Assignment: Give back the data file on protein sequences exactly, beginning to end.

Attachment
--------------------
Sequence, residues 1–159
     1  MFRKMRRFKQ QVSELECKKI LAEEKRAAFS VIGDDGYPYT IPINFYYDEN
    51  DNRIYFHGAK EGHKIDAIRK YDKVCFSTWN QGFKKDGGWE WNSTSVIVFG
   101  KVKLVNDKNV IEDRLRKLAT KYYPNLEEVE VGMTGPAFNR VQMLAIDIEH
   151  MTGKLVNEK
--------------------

Sequence, residues 1–159
     1  MFRKMRRFKQ QVSELECKKI LAEEKRAAFS VIGDDGYPYT IPINFYYDEN
    51  DNRIYFHGAK EGHKIDAIRK YDKVCFSTWN QGFKKDGGWE WNSTSVIVFG
   101  KVKLVNDKNV IEDRLRKLAT KYYPNLEEVE VGMTGPAFNR VQMLAIDIEH
   151  MTGKLVNEK